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What helps you cope when adversity comes your way?
When I wrote about rare disease and mental health a couple of weeks ago, I had no idea what was coming.
The day after hitting “publish,” I found myself in the emergency department of our fine university medical center for the second time in a month. I didn’t know it yet, but this visit would be worse.
My medical team took an aggressive approach against the myasthenia gravis ravaging my body, including multiple rounds of IVIg infusions. Before these treatments could take effect, the disease started to impact my breathing. They put me on a ventilator.
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Having been intubated in 2015 for 12 days, I had already learned some things about ventilator time:
Intubation is an incredibly helpful and surprisingly safe and simple procedure that saves lives every day.
The overall process carries psychological impacts that can be long-lasting, and we don’t fully understand them or give them the attention they merit.
Every intubation should come standard with a notebook and pen.
You’re unable to talk while ventilated, of course. The inability to communicate is stressful and can add to the patient’s anxiety. Knowing this, and knowing my tendency to be expressive (a kinder way of saying “you sure talk a lot”), my incredible wife Michele had a notebook and pen ready for when the sedation began wearing off.
Over the course of four days, I almost filled it up.
Now that I’m back home, reading through the pages has given me a fuller picture of my experience there. I see moments where I had legitimate questions to help me understand what was taking place or what would come next. There are emotional messages to family members expressing my love and appreciation for their support. And there are many (many) pages of what can only be described as sedation humor. (The image above is a note I apparently wrote as the initial sedation began wearing off. Like several of the pages, I don’t recall writing this.)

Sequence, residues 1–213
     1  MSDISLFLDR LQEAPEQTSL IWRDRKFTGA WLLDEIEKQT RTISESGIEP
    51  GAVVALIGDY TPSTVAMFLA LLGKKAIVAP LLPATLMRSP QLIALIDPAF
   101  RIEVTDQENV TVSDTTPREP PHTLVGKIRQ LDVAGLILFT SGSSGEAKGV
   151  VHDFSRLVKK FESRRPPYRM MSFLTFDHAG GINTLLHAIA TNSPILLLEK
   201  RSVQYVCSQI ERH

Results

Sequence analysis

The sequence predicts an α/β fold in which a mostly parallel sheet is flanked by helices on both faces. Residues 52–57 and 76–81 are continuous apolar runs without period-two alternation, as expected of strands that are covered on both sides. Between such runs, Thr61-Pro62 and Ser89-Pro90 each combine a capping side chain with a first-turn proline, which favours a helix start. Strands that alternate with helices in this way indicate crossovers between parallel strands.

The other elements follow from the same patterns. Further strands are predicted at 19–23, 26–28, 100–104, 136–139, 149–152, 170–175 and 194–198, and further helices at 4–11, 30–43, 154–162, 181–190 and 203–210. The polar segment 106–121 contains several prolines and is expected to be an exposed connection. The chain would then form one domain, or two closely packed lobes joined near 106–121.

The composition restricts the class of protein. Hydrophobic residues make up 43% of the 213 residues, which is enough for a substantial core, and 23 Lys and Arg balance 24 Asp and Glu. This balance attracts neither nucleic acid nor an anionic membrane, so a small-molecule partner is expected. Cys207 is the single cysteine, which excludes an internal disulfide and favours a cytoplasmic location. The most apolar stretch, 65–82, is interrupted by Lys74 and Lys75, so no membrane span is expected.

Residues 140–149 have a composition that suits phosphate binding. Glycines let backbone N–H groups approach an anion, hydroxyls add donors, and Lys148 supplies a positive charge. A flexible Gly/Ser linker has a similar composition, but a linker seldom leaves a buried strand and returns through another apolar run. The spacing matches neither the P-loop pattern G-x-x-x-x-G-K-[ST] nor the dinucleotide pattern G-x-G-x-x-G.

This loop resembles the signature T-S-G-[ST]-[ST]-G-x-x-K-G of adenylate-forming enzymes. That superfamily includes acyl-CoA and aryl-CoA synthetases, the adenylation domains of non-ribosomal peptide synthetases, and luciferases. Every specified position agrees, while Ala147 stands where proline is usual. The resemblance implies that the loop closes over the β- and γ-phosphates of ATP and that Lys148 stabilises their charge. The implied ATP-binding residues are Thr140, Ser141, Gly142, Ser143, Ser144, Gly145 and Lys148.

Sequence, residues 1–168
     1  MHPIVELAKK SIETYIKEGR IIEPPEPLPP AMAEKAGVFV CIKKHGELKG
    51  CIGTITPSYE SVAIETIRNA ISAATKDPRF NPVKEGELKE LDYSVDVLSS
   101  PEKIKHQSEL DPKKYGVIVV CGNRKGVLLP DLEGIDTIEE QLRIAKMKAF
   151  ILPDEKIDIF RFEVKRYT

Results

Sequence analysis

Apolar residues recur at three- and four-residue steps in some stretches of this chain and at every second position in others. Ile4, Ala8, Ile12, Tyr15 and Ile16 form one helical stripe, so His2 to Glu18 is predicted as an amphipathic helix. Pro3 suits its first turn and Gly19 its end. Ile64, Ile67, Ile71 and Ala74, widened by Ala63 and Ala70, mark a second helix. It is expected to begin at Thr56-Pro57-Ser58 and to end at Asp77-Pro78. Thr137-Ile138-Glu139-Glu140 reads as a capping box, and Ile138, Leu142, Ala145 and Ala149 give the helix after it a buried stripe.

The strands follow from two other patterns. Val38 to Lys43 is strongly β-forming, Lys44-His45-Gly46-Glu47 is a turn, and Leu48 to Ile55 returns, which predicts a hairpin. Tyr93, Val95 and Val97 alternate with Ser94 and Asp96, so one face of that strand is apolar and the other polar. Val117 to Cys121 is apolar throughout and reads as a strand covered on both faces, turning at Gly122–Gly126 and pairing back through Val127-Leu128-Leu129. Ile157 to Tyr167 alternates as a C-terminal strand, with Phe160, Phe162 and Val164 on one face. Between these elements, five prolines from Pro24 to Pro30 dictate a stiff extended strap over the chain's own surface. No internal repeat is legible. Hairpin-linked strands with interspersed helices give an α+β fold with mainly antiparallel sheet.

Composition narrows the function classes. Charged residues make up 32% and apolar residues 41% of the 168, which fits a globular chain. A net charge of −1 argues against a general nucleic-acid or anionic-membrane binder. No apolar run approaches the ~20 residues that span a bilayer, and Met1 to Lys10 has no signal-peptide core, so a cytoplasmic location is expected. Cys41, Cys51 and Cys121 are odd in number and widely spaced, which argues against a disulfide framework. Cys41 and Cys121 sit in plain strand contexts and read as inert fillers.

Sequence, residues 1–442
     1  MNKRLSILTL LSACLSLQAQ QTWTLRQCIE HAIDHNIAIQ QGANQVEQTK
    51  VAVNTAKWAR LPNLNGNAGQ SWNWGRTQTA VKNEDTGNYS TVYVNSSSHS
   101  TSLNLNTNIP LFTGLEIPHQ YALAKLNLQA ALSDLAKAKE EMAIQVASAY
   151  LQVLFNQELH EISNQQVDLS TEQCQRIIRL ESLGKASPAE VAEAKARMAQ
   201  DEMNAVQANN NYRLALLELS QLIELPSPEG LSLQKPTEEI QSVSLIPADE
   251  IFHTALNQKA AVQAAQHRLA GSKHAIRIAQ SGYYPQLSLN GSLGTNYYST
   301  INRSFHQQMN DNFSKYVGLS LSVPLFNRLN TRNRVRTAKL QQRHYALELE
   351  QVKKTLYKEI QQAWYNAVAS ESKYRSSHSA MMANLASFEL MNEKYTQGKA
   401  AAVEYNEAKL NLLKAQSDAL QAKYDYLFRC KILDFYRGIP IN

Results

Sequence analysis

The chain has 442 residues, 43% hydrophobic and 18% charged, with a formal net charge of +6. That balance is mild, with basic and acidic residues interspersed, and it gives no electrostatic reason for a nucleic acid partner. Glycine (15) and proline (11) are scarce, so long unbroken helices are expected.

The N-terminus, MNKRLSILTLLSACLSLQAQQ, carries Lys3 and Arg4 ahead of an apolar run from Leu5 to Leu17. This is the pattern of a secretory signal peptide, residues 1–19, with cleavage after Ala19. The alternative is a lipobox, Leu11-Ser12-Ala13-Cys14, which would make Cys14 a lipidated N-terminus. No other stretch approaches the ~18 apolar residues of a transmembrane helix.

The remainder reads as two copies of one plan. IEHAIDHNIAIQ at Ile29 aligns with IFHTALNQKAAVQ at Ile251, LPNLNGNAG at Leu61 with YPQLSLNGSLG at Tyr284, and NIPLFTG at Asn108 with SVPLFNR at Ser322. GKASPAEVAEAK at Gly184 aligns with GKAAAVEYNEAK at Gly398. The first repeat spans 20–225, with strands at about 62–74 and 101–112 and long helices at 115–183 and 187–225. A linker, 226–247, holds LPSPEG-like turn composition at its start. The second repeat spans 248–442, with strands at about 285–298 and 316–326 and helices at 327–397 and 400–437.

Apparenly, humor is a major tool in my adversity tactical kit. If a fella can make a ventilator funny, a fella can better tolerate being on a ventilator, right?
This story presents us with a few takeaways as we close out Mental Health Awareness Month:
Brace yourself. I foolishly thought “that was rough but I’m glad it’s all behind me now” after my April/May hospitalization, not knowing a worse episode was coming 10 days later. There are always new challenges down the road, and reserving some mental space for coping with them helps keep us balanced.
Do what works for you. Humor helps me cope with adversity, as does faith, music, and family. Identifying your tools in the good times will help you better navigate the bad times.
Stay connected. When you hit a rough patch in life, your people can be your greatest resource. Relationships with those you love and who love you are vital to navigating adversity. Cultivate those relationships every day.
What’s in your adversity toolkit? Share your thoughts in the comments.